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Procol Harum - Broken Barricades CD (album) cover


Procol Harum


Crossover Prog

3.32 | 146 ratings

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Cesar Inca
Special Collaborator
Honorary Collaborator
3 stars This album continues in the same rocking vein of its predecessor, at times even enhancing it due to the further increment of the guitar presence: Trower had, by then, not only become an important composer for the band, but also a major influence for his partners, and therefore, for the band's musical direction. The solid opener 'Simple Sister' is in some ways an equivalent to 'Whiskey Train' (the opener for "Home"), a straight rocky number equipped to take the listener's attention by storm. Everything works quite well here: the guitar riffs and leads; the precise, punchy drumming; the exciting piano washes after the guitar lead; and finally, the orchestral crescendo that starts during the interlude's last part and goes on right to the end with all strings and brasses joining in the rock vibe. As a notable contrast, the evocative title track shows the articulate symphonic trend that PH masters with total ease and crafty inventiveness. The Baroque inspiration for its beautiful basic piano arpeggios are appropriately complemented by the synth colours and counterpointed by Wilson's inventive drumming - the latter factor works impressively after the last sung verses, all the way down to the fade-out. Even softer is 'Luskus Delph', which is the most PH quintessential song of the album: a nice captivating melody, an elegant use of countermelodies, classy orchestration on strings and woodwind. The rocky side of the band is more prominent here, and its showcases tend to be quite energetic: that's particularly true of Trower's two most up-tempo compositions, 'Memorial Drive' and 'Poor Mohammed' - the later featuring a pedal steel guitar. Brooker's up-tempo numbers have a more lyrical approach, as it is shown in 'Power Failure': this song mixes hard rock and R'n'B in the frame that encapsulates the catchy motif, and its percussive- ridden interlude adds extra intensity to the main groove. On the other hand, 'Playmate of the Mouth' (yes, the lyric is actually as obscene as the title suggests) uses a more relaxing tempo, with a soul mood provided by the piano's recurring cadence and the use of a kinky brass section. 'Song for a Dreamer' is Trower's elegy for his guitar hero Jimi Hendrix (he had just died back then), and it certainly is the most peculiar song of the album. Its languid tempo conveys the air of somber mystery you may expect from any tribute to a fallen hero. Trower displays lots of sonic tricks on his guitar after he's sung the few lyrics, but he doesn't use those tricks as a medium for technical virtuosity: on the contrary, the main idea is to create a psychedelic ambience as if portraying the hidden corners of the heart in an oppressive psychedelic context. I feel it as something like 'Voodo Chile'-meets-"Ummagumma" live stuff, with an added touch of sadness. While Trower is undeniably the protagonist on this one, it would also be fair to state a special mention for Wilson's labour (one more time), which provides an Eastern-like exotic fire with his syncopated ritualistic drumming. I enjoy this album a bit less than "Home", since I find that the musical inspiration is not as strong and the interplaying is a bit less solid - but, all things considered, "Broken Barricades" serves as an adequate Trower testament of his PH days.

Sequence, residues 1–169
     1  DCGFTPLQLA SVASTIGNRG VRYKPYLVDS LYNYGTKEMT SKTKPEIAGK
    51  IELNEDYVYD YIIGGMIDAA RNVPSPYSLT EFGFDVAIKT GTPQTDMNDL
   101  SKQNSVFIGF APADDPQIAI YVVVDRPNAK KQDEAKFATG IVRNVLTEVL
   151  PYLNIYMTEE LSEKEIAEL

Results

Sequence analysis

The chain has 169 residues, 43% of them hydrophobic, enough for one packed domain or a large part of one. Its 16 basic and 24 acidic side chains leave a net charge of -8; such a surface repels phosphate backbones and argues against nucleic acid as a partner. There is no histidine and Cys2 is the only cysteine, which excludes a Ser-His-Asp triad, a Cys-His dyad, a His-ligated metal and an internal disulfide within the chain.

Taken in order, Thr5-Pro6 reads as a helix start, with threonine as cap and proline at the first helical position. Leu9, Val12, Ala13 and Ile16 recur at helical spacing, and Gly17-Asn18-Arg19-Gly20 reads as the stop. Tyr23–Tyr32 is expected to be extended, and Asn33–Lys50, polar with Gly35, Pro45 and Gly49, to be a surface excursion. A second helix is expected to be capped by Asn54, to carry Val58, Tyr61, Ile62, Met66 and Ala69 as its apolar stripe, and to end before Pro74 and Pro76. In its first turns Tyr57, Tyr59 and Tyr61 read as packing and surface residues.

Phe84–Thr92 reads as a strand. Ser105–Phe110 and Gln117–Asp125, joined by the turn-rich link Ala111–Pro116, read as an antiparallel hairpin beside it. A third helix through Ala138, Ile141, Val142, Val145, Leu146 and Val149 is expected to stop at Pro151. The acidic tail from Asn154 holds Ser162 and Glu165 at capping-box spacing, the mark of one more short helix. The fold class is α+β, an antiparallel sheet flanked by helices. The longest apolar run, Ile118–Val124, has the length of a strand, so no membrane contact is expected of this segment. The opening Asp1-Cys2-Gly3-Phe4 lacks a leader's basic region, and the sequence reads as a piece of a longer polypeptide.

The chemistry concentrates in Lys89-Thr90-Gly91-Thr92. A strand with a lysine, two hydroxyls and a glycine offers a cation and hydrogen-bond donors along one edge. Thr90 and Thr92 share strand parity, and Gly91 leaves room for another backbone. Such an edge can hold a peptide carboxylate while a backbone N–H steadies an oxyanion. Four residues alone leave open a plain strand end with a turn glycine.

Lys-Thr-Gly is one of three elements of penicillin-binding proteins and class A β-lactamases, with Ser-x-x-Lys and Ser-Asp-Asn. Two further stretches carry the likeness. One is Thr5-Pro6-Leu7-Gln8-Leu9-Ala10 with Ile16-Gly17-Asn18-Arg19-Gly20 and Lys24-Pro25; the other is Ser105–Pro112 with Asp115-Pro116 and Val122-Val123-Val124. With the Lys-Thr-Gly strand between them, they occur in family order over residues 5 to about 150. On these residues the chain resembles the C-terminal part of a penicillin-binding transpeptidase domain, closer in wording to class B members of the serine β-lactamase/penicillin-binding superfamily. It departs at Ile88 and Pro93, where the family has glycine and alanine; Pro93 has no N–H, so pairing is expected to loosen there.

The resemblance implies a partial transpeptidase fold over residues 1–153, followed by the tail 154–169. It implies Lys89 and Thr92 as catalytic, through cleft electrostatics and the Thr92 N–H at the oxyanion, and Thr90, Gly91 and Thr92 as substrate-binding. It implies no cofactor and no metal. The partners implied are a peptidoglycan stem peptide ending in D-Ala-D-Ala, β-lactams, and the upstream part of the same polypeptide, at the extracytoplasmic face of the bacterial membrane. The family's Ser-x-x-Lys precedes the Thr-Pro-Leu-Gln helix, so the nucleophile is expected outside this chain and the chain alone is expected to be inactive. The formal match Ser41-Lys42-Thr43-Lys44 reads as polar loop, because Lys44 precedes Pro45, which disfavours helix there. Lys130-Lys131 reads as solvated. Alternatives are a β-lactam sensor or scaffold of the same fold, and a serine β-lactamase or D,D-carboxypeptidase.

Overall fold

Cesar Inca | 3/5 |


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